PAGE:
By former Assemblymember Steven Sanders
With all the changes made last month by the State Legislature in tenant protections and rent regulations, the nine-member New York City Rent Guidelines Board (RGB) appointed by the mayor remains intact. That is the entity which sets rent increases for leases expiring in any given year.
For hundreds of thousands of tenants facing lease renewals between October 1, 2019, through September 30, 2020, the RGB has set the increases at 1.5% for a one-year lease renewal and 2.5% for a two-year lease renewal.
The question for tenants is, which one is best? It’s all about short-term and long-term dollars and cents. But it is not that simple.
To some extent clairvoyance is required, but that function does not appear on any calculator. What do I mean?
One thing is a certainty: you will save money in the first year if you opt for a one year renewal. But what about the following year? Well, if the guidelines remain the same next year, then a tenant will be spending more money in the second year if they opt for consecutive one-year renewals as opposed to a two-year lease renewal at 2.5%.
Moreover, the charged rent, which predicates what the next percentage rent increase will be based on in the third year and beyond, will be higher if a tenant opts for successive one-year renewals. So this is where clairvoyance is needed… but alas not available. If the guidelines for a one-year lease is lower than 1% next year, then taking consecutive one-year lease renewals is the smart move.
However, if the guidelines in 2020 reflect a rise from this year, then taking the two-year lease extension will prove to be the smarter move. It’s sort of like buying and selling stocks. Nobody knows what might happen with the trading values in the future.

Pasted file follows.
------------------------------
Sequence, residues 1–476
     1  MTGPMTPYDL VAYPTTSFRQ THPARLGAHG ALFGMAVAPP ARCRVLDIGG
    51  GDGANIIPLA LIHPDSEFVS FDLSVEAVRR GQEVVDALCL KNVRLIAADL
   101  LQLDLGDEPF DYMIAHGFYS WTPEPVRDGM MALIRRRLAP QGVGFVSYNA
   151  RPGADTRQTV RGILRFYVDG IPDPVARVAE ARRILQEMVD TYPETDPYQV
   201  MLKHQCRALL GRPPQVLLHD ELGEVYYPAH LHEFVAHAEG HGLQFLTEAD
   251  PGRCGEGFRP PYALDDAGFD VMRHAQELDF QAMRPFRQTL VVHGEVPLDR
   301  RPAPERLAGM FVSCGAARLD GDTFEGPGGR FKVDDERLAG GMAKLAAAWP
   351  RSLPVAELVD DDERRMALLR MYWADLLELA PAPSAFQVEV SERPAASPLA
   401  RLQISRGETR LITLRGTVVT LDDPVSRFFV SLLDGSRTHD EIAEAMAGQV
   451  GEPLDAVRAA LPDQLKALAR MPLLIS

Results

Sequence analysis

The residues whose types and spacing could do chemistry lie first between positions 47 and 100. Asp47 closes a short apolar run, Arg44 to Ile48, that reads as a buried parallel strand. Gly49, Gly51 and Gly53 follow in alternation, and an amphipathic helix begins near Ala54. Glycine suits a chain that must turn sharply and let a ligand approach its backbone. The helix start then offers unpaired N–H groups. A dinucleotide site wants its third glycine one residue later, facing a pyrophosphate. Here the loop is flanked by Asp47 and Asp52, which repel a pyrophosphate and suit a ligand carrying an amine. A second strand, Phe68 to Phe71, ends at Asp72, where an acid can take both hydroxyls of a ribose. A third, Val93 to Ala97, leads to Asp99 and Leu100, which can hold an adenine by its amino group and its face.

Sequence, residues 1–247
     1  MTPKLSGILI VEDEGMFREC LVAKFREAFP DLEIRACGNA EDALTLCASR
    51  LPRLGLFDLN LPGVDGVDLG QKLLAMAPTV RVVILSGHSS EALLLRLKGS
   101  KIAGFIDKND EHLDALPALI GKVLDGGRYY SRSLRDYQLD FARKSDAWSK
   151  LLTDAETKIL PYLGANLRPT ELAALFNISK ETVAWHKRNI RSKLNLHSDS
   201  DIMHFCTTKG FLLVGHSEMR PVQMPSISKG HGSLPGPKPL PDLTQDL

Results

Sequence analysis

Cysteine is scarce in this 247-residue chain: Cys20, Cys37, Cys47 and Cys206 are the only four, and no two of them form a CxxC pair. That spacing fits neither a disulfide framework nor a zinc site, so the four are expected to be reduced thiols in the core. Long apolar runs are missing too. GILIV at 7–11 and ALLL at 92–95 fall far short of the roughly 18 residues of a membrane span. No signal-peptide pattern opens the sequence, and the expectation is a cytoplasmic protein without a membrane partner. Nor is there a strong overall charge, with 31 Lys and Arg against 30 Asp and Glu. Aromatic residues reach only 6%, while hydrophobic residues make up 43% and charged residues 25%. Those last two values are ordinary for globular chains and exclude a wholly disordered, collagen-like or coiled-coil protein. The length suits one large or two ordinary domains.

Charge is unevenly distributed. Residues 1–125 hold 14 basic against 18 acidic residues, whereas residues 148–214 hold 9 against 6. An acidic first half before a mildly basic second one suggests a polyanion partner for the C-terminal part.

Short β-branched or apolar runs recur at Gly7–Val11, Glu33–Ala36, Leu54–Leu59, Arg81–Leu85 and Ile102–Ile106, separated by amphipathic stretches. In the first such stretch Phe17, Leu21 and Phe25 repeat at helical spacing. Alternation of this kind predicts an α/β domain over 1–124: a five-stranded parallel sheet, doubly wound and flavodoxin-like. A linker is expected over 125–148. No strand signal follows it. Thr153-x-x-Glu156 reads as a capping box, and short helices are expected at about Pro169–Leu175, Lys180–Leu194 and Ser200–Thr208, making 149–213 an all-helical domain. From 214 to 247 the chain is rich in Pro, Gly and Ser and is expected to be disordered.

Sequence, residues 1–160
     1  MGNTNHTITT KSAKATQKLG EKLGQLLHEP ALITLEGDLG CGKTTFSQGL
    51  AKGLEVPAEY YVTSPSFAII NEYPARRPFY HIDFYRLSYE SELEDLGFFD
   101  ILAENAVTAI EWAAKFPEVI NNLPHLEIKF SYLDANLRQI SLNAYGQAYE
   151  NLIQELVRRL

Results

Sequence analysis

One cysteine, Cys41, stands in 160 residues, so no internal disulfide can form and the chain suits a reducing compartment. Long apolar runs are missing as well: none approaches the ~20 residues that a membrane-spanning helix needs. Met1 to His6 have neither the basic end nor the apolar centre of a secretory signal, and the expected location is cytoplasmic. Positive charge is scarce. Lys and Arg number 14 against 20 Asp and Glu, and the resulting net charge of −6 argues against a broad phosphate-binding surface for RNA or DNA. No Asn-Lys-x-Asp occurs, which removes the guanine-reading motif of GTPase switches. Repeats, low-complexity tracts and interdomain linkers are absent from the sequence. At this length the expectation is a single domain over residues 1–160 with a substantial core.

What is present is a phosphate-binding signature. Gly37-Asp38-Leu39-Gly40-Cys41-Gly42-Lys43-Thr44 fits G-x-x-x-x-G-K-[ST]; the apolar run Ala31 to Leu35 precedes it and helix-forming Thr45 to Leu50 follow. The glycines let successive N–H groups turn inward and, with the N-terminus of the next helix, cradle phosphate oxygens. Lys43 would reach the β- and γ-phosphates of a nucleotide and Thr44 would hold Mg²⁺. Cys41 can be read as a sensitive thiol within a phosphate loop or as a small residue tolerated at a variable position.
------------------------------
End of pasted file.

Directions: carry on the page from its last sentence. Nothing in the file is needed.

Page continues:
But if the past history of decisions made by the RGB are clues then perhaps tenants can make educated guesses. When Bill de Blasio was facing re-election, he campaigned on lowering rent increases in 2016. That year, the RGB passed a 0% increase for a one-year lease renewal. Anybody who thinks that was a coincidence and that politics does not factor into the equation needs to think again.
There are three factors that mitigate against lower guidelines next year:
First… by historical standards this year’s percentages were amongst the lowest ever. Will that be duplicated again next year? Doubtful.
Second… next year Mayor de Blasio will be one year closer to being an ex-mayor at the end 2021. His influence and his interest seems to be waning. He seems less and less interested in the day-to-day job of mayor and more interested in auditioning for a new political office, be that president or something else. Consequently, his views are less relevant.
And third, by most indications the rate of inflation will edge up next year, which will cause landlord costs to rise. That is one of the key factors in setting rent guidelines.
So while circumstances next year are fluid and unknown in so many ways, these are factors to weigh in arriving at an informed decision. In the absence of a crystal ball, that’s the best we can do.
If it were me, I would take the two-year lease option and the almost-certain savings in the second year and importantly, the lower rent base that future increases will be predicated upon. The caveat is that I could be wrong.
It’s a little like betting on a race horse. You try to get an edge by learning the horse’s history and tendencies. I lose more than I win when I make my annual visit to The Saratoga Race Track. The good news is that I have been more successful at predicting government actions than horse racing results. But any way you slice it, it’s a gamble!